Plastic Extrusion Process


In this process, the molten plastic is extruded through a die and hollow cross sections are formed by placing a mandrel inside the die. Tube with multiple holes can also be made for specific applications, by placing a number of mandrels in the center of the die.


Coextrusion is the extrusion process of making multiple layers of material simultaneously. It is used to apply one or more layers on top of base material to obtain specific properties such as ultraviolet absorption, grip, matte surface, and energy reflection, while base material is more suitable for other applications, e.g. impact resistance and structural performance. It may be used on any of the processes such as blown film, over jacketing, tubing, sheet/film extrusion. In this process, two or more extruders are used to deliver materials which are combined into a single die that extrudes the materials in the desired shape. The layer thickness is controlled by the speed and size of the individual extruders delivering the materials.


Extrusion coating is used to make an additional layer onto an existing rollstock of paper, foil or film. For example, to improve the water resistant of paper polyethylene coating is used. The applications of extrusion coating are liquid packaging, photographic paper, envelopes, sacks lining for fertilizers packaging and medical packaging. Generally, polyethylene and polypropylene are used.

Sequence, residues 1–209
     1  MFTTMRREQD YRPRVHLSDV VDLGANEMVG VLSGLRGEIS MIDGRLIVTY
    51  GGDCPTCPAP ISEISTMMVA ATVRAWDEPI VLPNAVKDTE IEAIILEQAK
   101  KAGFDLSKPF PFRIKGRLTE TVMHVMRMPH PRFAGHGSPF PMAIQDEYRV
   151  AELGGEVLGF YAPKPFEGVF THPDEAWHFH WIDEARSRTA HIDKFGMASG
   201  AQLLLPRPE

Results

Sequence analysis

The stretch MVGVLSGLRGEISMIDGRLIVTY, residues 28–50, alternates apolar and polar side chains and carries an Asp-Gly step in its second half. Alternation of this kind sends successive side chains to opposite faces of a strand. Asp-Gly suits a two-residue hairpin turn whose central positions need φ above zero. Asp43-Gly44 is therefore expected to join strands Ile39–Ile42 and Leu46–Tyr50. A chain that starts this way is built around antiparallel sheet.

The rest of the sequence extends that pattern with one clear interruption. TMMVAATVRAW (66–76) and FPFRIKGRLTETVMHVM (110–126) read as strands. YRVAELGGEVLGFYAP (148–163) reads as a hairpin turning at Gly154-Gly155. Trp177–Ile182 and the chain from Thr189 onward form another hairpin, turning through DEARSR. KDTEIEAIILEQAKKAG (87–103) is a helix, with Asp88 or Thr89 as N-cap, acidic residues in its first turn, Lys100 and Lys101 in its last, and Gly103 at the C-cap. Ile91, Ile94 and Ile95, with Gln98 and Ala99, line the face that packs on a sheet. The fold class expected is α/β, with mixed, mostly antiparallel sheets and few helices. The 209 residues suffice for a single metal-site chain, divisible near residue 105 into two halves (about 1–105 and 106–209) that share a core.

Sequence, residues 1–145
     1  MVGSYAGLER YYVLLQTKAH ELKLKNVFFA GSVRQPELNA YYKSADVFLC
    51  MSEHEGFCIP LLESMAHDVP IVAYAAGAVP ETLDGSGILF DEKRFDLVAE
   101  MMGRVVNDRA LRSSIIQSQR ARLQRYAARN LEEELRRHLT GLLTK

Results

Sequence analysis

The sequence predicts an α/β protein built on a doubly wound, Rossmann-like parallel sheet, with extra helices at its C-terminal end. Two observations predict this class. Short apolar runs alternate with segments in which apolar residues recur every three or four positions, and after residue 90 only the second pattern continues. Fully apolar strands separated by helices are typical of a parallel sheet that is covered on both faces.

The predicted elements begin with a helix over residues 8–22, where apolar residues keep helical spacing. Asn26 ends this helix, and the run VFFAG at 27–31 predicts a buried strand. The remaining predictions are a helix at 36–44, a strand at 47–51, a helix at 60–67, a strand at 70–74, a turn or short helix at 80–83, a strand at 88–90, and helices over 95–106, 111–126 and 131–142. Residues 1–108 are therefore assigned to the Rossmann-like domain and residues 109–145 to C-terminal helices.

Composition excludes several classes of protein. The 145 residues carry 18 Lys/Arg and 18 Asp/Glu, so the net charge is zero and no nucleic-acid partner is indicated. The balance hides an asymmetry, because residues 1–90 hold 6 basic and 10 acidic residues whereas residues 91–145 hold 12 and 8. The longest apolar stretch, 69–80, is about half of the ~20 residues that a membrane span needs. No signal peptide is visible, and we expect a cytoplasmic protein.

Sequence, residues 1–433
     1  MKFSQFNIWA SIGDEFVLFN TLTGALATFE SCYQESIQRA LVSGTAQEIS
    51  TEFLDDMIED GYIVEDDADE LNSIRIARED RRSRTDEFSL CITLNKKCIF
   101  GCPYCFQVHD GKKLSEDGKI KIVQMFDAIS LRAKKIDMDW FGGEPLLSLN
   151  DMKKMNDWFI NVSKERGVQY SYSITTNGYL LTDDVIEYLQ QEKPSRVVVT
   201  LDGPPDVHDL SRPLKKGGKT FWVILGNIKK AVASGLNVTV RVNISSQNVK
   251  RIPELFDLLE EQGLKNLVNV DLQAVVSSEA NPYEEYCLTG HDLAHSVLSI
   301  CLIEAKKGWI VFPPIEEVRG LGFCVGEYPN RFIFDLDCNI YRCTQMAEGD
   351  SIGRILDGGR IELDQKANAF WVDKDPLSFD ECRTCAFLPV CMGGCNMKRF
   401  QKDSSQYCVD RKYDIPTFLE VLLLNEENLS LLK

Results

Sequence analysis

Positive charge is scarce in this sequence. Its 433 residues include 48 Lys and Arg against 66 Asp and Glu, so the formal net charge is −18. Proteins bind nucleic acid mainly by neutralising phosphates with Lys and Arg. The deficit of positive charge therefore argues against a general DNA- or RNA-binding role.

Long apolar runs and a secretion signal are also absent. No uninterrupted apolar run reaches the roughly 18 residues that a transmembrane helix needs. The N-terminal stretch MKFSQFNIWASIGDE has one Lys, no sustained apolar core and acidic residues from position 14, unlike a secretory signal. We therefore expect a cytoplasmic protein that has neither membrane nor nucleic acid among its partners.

Types of extrusion and extrusion equipment

Extrusion is a compressive deformation process in which a block of metal is squeezed through an orifice or die opening in order to obtain a reduction in diameter and increase in length of the metal block. The resultant product will have the desired cross-section. Extrusion involves forming of axisymmetric parts. Dies of circular on non-circular cross-section are used for extrusion. Generally, extrusion involves greater forming forces. Large hydrostatic stress in extrusion helps in the process by enhancing the ductility of the material. Metals like aluminium, which are easily workable, can be extruded at room temperature.
Plastic Extrusion


Direct extrusion:Direct extrusion, also called forward extrusion, is a process in which is the billet moves along the same direction as the ram and punch do. Sliding of billet is against stationary container wall.Friction between the container and billet is high. As a result, greater forces are required. A dummy block of slightly lower diameter than the billet diameter is used in order to prevent oxidation of the billet in hot extrusion. Hollow sections like tubes can be extruded by direct method, by using hollow billet and a mandrel attached to the dummy block. 
Indirect extrusion:Indirect extrusion (backward extrusion) is a process in which punch moves opposite to that of the billet. Here there is no relative motion between container and billet. Hence, there is less friction and hence reduced forces are required for indirect extrusion. For extruding solid pieces, hollow punch is required. In hollow extrusion, the material gets forced through the annular space between the solid punch and the container. The variation of extrusion pressure in indirect extrusion is shown above. As seen, extrusion pressure for indirect extrusion is lower than that for direct extrusion. Many components are manufactured by combining direct and indirect extrusions. Indirect extrusion can not be used for extruding long extrudes.